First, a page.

By announcing his intention to resign, Silvio Berlusconi has precipitated the kind of ferment on which he thrives, and which he has used to remarkable effect through a political career riddled with allegations of corruption and sordid sex scandals, some of them leading to criminal charges. The combative and colourful Italian Prime Minister's third term has been ended, after three and a half years, by his coalition partners, the far-right Northern League, whose leader Umberto Bossi told him to resign after the government lost the lower parliamentary house vote on the 2010 public finances. The entire opposition abstained to assist the bill's passage, but that exposed cracks in Mr. Berlusconi's support; eight of his own People of Freedom (PDL) MPs voted against, so the measure got 308 votes and not the 316 needed, whereupon Mr. Bossi acted. The Prime Minister says he will step down after proposals for economic reforms get through the legislature; the process is likely to take another fortnight. The main opposition party, the Democratic Party (PD), has called for the creation of a transitional government by President Giorgio Napolitano, but the Prime Minister asserts that parties that lost the general election must not be allowed thus to gain office.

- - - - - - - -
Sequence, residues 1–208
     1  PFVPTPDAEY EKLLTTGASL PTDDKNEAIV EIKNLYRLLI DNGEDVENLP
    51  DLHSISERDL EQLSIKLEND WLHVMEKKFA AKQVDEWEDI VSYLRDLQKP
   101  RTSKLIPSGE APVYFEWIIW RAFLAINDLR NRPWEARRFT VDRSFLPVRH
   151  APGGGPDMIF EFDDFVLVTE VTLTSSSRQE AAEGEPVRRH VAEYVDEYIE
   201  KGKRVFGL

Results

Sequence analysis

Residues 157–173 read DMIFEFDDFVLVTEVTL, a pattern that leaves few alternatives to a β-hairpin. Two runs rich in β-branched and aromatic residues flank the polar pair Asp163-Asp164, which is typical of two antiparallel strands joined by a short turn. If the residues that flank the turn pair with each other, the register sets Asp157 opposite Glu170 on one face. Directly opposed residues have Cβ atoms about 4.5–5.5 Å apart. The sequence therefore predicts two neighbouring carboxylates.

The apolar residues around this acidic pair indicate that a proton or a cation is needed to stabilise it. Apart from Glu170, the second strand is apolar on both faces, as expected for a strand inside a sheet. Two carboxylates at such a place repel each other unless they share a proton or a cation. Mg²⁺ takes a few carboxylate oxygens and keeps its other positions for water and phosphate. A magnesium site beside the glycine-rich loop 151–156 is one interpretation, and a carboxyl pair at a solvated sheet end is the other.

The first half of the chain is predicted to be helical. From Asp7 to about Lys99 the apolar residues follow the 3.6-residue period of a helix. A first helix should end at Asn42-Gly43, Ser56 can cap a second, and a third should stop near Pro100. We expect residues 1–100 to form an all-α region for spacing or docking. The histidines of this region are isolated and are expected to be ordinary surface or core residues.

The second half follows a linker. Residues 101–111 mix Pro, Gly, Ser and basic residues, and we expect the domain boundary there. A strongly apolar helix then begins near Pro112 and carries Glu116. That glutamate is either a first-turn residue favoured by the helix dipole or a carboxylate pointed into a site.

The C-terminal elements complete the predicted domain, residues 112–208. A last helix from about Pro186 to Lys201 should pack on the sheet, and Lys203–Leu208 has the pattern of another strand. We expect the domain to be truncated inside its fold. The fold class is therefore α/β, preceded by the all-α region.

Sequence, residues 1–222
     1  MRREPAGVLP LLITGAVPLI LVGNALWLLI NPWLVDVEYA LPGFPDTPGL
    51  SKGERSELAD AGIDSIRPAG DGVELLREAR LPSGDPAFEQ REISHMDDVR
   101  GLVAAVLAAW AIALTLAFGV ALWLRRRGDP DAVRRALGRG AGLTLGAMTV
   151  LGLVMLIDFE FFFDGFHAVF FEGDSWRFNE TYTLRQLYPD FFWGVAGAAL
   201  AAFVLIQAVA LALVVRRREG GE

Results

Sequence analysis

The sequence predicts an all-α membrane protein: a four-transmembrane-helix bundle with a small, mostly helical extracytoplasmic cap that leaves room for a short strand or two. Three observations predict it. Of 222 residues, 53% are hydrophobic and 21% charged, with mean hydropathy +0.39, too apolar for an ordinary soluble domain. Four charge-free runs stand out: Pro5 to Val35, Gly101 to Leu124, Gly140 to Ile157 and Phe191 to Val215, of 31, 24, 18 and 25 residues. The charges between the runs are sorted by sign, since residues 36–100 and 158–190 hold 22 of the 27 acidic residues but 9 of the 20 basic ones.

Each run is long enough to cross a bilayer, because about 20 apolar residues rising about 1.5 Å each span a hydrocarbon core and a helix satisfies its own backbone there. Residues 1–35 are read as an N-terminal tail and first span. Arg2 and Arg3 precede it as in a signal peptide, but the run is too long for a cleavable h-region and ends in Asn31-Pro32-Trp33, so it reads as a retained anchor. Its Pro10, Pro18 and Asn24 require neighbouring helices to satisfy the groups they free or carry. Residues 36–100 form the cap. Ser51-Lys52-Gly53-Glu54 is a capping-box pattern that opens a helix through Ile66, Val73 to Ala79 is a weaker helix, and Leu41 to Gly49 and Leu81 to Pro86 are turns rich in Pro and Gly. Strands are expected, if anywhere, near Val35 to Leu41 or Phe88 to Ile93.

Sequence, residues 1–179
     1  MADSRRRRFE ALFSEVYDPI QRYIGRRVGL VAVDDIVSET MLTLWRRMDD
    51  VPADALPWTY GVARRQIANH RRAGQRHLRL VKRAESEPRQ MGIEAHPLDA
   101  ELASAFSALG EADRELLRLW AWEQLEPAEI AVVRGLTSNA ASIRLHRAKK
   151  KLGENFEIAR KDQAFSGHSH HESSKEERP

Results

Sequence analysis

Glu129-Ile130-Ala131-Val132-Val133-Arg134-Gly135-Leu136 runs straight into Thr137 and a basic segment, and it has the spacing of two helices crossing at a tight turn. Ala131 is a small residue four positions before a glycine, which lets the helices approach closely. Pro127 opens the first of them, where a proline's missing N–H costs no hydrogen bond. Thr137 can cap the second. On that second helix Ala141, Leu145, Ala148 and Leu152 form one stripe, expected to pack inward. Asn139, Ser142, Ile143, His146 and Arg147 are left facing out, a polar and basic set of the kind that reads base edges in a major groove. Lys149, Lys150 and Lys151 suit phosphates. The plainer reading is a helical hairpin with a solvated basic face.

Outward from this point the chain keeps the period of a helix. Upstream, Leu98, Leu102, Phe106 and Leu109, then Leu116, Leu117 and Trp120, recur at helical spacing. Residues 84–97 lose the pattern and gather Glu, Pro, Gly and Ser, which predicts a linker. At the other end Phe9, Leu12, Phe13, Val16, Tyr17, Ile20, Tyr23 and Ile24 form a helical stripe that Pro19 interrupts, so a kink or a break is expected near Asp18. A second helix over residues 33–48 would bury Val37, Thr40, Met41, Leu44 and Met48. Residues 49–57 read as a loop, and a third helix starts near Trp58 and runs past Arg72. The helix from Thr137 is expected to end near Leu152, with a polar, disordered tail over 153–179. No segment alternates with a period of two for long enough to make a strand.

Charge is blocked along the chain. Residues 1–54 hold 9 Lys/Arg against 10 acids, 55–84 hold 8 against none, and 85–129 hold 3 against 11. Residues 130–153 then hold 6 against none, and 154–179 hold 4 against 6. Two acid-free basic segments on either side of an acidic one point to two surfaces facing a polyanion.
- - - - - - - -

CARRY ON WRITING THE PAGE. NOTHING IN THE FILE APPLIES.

As usual with Mr. Berlusconi, however, anything could happen. He has survived 51 confidence votes in his present term, and now says one will not be needed after the budget defeat, as he plans to resign; but he may in fact decide to stay on after the reforms legislation clears parliament. Leaving office could render him liable to criminal prosecution from which he is currently immune. But it will also divert attention from his failure to improve Italy's dire economic condition; the poverty rate is above 14 per cent and unemployment among the 15-24 age-group is over 25 per cent. The eurozone's third largest economy, with debts amounting to €1.9 trillion, might well need a bailout to dwarf that of Greece. In addition, the opposition may not want office now; its MPs did not celebrate the budget vote result. While the evidence is that many voters want a reasonably competent government, , the electoral system, which Mr. Berlusconi introduced in 2005 and himself calls rubbish, makes that very unlikely; it enables a party with just one per cent vote share to topple a government, and causes permanent instability. Furthermore, the Italian centre-left is yet to find a convincing candidate. Mr. Berlusconi, then, may well remain Prime Minister. Italian voters, however, deserve better, in respect of their leaders and of the system that produces them.

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